Please disseminate to all law enforcement: Police Week 2020

First, I again want to say thank you to all the Chiefs, Sheriffs, Officers, Administrators, and fellow Chaplains who have made it possible for me to distribute this message.

May 10-16, 2020 marks the period that we call “Police Week”.  In 1962, President Kennedy designated May 15 as Peace Officers Memorial Day, when we set aside a time of “Recognition of the service given by the men and women who, night and day, stand guard in our midst to protect us through enforcement of our laws”.

Well, 2020 has started out to be a challenging year (to say the least).  While all of our lives were certainly impacted in some way, numerous others have paid the ultimate sacrifice. Although we are at 55 deaths as of April 27 (and of those 13 are directly COVID related) , that number will most likely rise once people get back to normal processing.  (ODMP shows 13, PoliceOne has 37, so it’s a matter of verification, etc).

This was unexpected, and in a lot of ways, we may not be able to ever fully calculate the cost that this has inflicted upon us.  But most of you were out there serving and keeping things safe for the rest of us, even with great risk to you. For that, I (along with countless others) are exceptionally grateful.

Normally I would talk a little about ceremonies that we may be going to and ways we will get together and remember. But this year, we are not able to do that, at least yet. Even though most Police Week events are canceled, the process of remembering is still happening. This year, 307 names are being engraved on the walls of the National Law Enforcement Memorial in Washington, DC, making over 24,000 names on the wall. This doesn’t include may others who are honored on state and local walls that may not be a part of these numbers.

So how do we honor those who have given their lives if we can not do our memorials and gatherings?

If you’ve followed me for any length of time, you know that one quote I reuse often is from the poet Cicero, “The life of the dead is placed in the memory of the living.” So while we likely can not gather, these people live on because their legacy never dies. We see to that. So here are a couple of ideas that may help us during this time.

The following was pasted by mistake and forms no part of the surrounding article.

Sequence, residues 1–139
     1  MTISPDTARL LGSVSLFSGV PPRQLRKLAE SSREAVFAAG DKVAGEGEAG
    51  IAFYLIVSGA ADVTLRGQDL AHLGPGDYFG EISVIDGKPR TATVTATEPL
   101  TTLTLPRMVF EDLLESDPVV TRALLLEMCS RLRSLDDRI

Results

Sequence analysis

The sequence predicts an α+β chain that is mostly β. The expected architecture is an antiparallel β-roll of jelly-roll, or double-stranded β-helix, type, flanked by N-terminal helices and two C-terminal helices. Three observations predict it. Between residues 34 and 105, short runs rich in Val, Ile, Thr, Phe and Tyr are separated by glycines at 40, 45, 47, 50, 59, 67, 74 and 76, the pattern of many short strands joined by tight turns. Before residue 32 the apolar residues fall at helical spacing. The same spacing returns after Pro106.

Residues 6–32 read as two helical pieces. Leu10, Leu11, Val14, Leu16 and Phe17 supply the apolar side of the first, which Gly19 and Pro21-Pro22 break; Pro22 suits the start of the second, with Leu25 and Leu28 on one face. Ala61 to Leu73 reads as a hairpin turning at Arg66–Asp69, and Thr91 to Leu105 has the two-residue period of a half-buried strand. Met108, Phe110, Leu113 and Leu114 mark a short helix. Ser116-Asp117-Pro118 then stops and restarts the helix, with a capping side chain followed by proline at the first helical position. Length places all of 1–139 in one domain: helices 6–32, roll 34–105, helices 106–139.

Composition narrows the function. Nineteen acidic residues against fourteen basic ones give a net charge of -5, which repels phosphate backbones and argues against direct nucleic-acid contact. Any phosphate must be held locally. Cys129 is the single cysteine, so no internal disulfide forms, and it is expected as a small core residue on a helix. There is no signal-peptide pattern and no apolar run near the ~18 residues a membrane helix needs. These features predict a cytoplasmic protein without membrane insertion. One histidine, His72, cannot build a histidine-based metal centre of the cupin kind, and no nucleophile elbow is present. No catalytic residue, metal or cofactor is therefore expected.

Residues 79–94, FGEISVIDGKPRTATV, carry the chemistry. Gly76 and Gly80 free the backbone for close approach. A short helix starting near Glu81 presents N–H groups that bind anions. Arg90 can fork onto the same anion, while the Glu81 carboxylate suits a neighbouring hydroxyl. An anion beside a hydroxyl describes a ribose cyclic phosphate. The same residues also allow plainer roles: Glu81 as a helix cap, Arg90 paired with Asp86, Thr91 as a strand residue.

1. Reschedule these events.

    This one is probably the most obvious one. The local county-wide memorial committee that I am part of will be having an event later in the year. So maybe instead of May, we have it in October. To me (my opinion), the “when” is not as important at the fact that we do it, and do it with all the focus that our LEO’s deserve.

    2. Honor your department’s heroes.

    This one is probably also going to happen, but maybe in different ways than before. Maybe during Police Week we set aside a day to remember each officer that has been lost in our department. Maybe we have a Special Deputy David George Treadway Day where we all get an email and read about our officer. Maybe someone pays respect at their respective grave site, or reaches out to the family that day. My local police have a monument for Police Officer Leo Casto at the entrance of the department. So maybe instead of using the officer entrance, we walk past those, pause, and render a salute.

    3.  Look for personal connections.
    Are there officers from your family that have died while serving? Have a time or remembering with your family in whatever way you can. One of the ways that I personally will be remembering is that 7 officers that are special to me. I have sent this email since 2008, and during that time, 7 officers that had received these emails have been added to that wall. While I may not have known them, they will be remembered by me this year.

Also, If your community doesn’t have a memorial service, consider starting one. It doesn’t have to be elaborate. If you would like some assistance in this area, let me know. I know some people that can help. Don’t let your community’s loss be forgotten.

Thanks for spending a few minutes with me. This message is being read by departments of all shapes, sizes, types and locations. For all my law enforcement family reading this, I’m praying for an especially peaceful and safe week for you: safe citizen encounters, safe traffic stops, safe building searches, and safe DV calls. I pray for a time of healing for the departments reading this who have had a loss in the last year, or with a loss that continues to hurt.  But most of all (like I say most every year), I hope now more than ever, there is an outpouring of appreciation from the communities that you serve.

Thank you to each person who has taken the time to read this. You are why I do what I do. Thank you for who you are, and all you do. Don’t forget that people DO care. If I can help in any way, don’t hesitate to contact me.

I’ve said it before and will say it for the remainder of my days. You all are heroes. I don’t know how often you hear it, but I’m certain it’s not nearly enough.


Dr. Mike A. Crain I, D.Min.
Huber Heights, OH 45424


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